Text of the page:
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House Martins using Model 30 Swift boxes

Graham used to live above the Community Shop at Abbotts Ann where we installed 16 new Swift boxes in May last year which you can read about here. I was encouraged on a recent visit to see nine Swifts flying low and screaming past the boxes so that bodes well for occupation soon I think.

Graham and Sophie have now moved to a house just north of Stockbridge in the Test Valley and are woken in the mornings by the calls of Cuckoos. The area is rich in birdlife and one of the attractions of the house was that it had House Martins nesting under the eaves. Swifts also nest close by, and six or more are to be seen daily flying close by the house (early June 2023). The House Martin cups suffer from the depredations of the boisterous House Sparrows over the winter and so all usually have to be rebuilt by the martins in the spring. With climate change providing us with a recent run of dry springs and therefore a lack of mud for nest-building (at least not this year!) House Martins have been suffering here in SE England and the population as a whole seems to be moving north and west in the country as a result. In order to provide them a more reliable home and hopefully secure the future of this colony, Graham bought five double House Martin cups from Paul Stevens in Sussex who hand-makes them. He has reduced the size of the openings to 20/21mm high and has found that this prevents access to the sparrows whilst enabling the House Martins to continue undeterred.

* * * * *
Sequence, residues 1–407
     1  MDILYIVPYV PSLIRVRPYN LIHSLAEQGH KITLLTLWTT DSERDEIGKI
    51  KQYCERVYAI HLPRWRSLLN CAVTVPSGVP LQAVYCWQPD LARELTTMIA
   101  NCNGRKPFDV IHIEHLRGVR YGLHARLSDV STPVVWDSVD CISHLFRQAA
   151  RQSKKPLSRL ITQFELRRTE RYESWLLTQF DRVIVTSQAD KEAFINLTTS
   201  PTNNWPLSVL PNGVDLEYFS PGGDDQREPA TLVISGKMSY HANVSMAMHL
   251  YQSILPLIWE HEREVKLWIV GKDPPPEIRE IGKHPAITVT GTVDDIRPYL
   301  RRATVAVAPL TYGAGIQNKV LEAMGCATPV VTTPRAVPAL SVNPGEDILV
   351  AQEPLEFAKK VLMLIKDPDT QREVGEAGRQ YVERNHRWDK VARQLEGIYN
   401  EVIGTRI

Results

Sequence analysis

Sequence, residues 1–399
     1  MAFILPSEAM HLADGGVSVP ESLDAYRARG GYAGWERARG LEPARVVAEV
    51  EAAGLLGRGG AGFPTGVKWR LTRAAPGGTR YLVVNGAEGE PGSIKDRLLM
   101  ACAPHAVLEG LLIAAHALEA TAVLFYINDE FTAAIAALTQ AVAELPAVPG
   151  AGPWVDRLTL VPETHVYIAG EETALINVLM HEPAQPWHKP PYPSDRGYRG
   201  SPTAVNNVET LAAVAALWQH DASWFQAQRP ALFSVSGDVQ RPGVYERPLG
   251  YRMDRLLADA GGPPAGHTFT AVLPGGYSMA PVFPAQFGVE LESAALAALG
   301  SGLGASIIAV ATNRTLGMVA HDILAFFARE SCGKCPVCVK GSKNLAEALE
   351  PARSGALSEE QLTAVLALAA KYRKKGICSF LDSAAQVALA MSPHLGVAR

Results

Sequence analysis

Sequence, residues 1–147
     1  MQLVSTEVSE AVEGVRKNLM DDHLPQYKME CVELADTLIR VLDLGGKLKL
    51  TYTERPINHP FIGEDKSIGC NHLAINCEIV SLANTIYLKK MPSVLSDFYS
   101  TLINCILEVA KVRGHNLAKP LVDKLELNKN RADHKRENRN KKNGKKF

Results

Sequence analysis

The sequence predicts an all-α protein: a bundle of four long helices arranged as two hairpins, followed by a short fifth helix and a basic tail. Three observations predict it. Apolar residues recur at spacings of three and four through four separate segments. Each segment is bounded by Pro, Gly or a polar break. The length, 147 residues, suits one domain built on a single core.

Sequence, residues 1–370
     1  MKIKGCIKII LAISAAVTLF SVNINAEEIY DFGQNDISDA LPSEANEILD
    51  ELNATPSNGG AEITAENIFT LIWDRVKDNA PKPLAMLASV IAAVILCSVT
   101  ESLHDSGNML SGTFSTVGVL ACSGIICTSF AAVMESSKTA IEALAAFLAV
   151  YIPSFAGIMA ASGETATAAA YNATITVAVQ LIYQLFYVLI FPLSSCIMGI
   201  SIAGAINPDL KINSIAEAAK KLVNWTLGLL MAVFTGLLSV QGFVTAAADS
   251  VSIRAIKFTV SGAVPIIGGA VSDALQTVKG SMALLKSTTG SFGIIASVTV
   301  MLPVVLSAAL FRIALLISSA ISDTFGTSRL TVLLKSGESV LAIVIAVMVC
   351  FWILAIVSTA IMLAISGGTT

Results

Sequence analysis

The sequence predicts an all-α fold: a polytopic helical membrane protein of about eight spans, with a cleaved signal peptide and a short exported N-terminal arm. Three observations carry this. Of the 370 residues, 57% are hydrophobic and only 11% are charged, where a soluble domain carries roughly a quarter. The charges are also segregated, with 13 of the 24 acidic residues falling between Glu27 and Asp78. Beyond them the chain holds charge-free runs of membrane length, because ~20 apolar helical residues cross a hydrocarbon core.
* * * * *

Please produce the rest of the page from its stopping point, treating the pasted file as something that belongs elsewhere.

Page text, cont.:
Graham was keen to also put up Swift boxes on the front of the house to try and help the small local colony, so on 11 May two double Model 30 boxes were installed along with the five double HM cups (two on the front and three on the rear).

By the end of May, three of the four cups on the front were occupied by House Martin – and also, remarkably, two of the Swifts boxes. Although Dr Thais Martins has recorded House Martins using Swift bricks on the Duchy Estate in Newquay and Truro in Cornwall and at Poundbury in Dorset, this is the first time we have heard of them using Swift boxes. The birds had reduced the size of the openings with beakfuls of mud as can be seen here.

And in between the two Swift boxes, House Martins had started to build a nest(s) by sticking a line of mud to the wall and Graham tells us that a pair have taken to roosting on this overnight.

Watch this space for more updates. It will be interesting to see how long it is before the new nest cups on the rear of the house are occupied – there were several natural nests here last year that were ‘downed’ by the sparrows last winter and have not yet been rebuilt.

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